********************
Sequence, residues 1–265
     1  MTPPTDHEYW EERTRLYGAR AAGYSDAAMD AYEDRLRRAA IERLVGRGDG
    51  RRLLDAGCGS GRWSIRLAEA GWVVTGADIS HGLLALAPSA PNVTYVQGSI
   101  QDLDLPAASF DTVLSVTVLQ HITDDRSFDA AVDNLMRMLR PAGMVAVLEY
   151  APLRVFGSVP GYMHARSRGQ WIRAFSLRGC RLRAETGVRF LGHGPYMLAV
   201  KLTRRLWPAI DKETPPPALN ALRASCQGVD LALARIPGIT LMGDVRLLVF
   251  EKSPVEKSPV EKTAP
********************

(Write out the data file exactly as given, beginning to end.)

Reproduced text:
Sequence, residues 1–265
     1  MTPPTDHEYW EERTRLYGAR AAGYSDAAMD AYEDRLRRAA IERLVGRGDG
    51  RRLLDAGCGS GRWSIRLAEA GWVVTGADIS HGLLALAPSA PNVTYVQGSI
   101  QDLDLPAASF DTVLSVTVLQ HITDDRSFDA AVDNLMRMLR PAGMVAVLEY
   151  APLRVFGSVP GYMHARSRGQ WIRAFSLRGC RLRAETGVRF LGHGPYMLAV
   201  KLTRRLWPAI DKETPPPALN ALRASCQGVD LALARIPGIT LMGDVRLLVF
   251  EKSPVEKSPV EKTAP